As a limited company contractor, you can choose to voluntarily shut down your company and remove it from the Companies House register. This means the company will cease to exist and you won’t face any more administrative duties or running costs for the business.
To be able to voluntarily close down your limited company, you should not have issued any new invoices or changed the company name within the previous three months. You can pay off creditors within this period but should not engage in any other business activity apart from taking steps to strike off the company.
Before going ahead, it’s worth asking yourself if you are likely to need the company again. For instance, if you’re planning in taking a break from contracting, making your existing company dormant may be less hassle and also a cheaper option.
Maintaining a dormant company costs around £100 a year. That said, if you’re unlikely to need your company for three years or more, closing it down would be more cost-effective. It’s also important to note the voluntary striking off route is not an option if your business is in financial difficulty as this involves a different process.
Who you need to inform
If you are the sole director and shareholder of the limited company and don’t have any creditors or employees (as is often the case), there are a relatively short list of people you have to contact. These are:
- HMRC, for payroll, Corporation Tax and VAT
- Your company’s bankers
- Your company’s accountants, business insurer, and any other professional advisers
- Companies House
If you have a co-director and/or any additional shareholders, you must inform them in writing of your intention to voluntarily shut down the company and send them a copy of the relevant application form to sign. This is Form DS01 and is available here.
Company accounts, tax return, payroll and VAT
You’ll have to prepare your company accounts to include the period from your last annual accounts to your final date of trading, together with your company tax return, and submit these to HMRC. This should also explain that you are dissolving the company and wish to terminate the corporation tax scheme for the registered company.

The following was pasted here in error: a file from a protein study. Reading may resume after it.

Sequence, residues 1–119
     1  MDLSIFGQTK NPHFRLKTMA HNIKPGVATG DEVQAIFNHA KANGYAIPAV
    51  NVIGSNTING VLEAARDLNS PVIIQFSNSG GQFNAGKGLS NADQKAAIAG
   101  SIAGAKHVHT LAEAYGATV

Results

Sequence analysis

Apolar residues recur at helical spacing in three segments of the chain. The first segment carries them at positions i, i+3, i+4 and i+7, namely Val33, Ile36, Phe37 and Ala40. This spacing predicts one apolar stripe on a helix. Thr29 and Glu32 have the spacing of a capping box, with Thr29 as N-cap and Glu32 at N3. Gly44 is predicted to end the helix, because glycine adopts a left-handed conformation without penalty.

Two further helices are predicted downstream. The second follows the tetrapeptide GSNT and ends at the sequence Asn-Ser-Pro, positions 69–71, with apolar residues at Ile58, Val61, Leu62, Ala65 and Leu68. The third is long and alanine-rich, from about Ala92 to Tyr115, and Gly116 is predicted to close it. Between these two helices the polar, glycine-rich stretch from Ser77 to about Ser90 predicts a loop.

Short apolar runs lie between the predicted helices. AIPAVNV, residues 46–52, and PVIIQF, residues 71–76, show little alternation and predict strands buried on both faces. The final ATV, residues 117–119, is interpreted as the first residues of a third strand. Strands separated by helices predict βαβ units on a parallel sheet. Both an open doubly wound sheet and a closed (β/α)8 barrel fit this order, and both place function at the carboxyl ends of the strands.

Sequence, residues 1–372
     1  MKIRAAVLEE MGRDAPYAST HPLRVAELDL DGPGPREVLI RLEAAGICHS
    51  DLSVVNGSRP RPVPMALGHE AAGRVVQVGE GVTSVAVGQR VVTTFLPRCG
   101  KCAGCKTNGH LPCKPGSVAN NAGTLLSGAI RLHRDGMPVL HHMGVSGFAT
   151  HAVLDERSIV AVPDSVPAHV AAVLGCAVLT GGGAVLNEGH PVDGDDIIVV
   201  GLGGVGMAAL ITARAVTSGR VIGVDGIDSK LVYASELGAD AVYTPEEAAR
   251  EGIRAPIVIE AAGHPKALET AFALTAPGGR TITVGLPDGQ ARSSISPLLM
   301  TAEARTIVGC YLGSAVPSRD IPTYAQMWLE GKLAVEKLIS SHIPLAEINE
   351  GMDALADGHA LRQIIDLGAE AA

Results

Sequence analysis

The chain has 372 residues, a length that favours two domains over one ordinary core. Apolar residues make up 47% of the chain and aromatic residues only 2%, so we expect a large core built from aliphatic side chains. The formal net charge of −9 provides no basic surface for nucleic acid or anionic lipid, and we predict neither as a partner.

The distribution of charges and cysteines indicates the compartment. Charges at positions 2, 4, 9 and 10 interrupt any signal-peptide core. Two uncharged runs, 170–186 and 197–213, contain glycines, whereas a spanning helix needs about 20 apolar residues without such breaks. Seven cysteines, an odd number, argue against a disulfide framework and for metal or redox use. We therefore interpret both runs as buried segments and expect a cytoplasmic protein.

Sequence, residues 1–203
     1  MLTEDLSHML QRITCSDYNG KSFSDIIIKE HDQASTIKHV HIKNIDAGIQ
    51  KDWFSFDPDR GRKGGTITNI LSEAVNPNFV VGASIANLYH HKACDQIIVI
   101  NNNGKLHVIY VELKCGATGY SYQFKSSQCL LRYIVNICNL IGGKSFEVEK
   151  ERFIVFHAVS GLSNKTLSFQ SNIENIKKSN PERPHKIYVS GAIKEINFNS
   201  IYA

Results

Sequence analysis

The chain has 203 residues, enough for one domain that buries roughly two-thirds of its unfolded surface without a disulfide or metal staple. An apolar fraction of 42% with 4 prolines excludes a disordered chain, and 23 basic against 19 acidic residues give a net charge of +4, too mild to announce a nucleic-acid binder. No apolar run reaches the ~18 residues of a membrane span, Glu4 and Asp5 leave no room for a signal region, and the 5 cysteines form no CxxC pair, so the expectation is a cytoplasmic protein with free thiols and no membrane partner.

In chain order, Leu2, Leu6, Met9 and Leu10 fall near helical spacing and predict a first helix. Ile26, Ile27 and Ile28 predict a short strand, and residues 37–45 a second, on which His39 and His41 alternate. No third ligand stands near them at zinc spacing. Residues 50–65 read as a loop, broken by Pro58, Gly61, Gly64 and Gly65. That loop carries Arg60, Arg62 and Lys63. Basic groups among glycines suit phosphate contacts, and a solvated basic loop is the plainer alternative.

HMRC will issue a final P35 (employer’s annual return) form, which you should complete and return. Any outstanding PAYE liabilities (income tax and NICs) will have to be paid in full.
You’ll also have to tell HMRC that your company has ceased trading so it can be de-registered for VAT. They will send you a questionnaire to complete.
For most businesses, this will be quite straightforward but if your company holds stocks and assets such as computers, equipment, and office furniture, you may need help from your accountant to complete a VAT return.
Closing your bank account, final payments
Before closing your company bank account, you should make any final payments due to creditors and HMRC. Any remaining cash in the company account and business assets, such as those mentioned above, can be paid to shareholders in the form of a final dividend.
In practice, if you are a sole trader or contractor, this will be to yourself. Should the business have more than £35,000 in the company account, a more tax-efficient option of closing the business is via a Member’s Voluntary Liquidation.
It’s definitely worth getting advice from your account about this, as well as guidance on any capital gains tax that arises from payment you make to shareholders.
Make sure you deal with any cash or assets belonging to the business and make all final payments before closing the company’s bank account. You may be surprised to learn that any cash or assets left after the company is dissolved automatically goes to HMRC so, unless you’re feeling particularly generous, double check you’ve accounted for everything!
Once you’ve submitted your tax return, completed the final accounts, paid any final dividends, closed the company bank account and tied up any other loose ends, you’re ready to complete Form DS01 and send it to Companies House.
If there are no complications, the registrar will post a notice of the dissolution of the company in the London Gazette. This is a formality and providing there are no directors, shareholders or creditors to object, the company will be struck off.
This last step should be completed within nine months after which your limited company will cease to exist.
For more information on dissolving a limited company or being struck off the Companies register, read this guide.
Protect your contract income if you can't work - pay via your limited company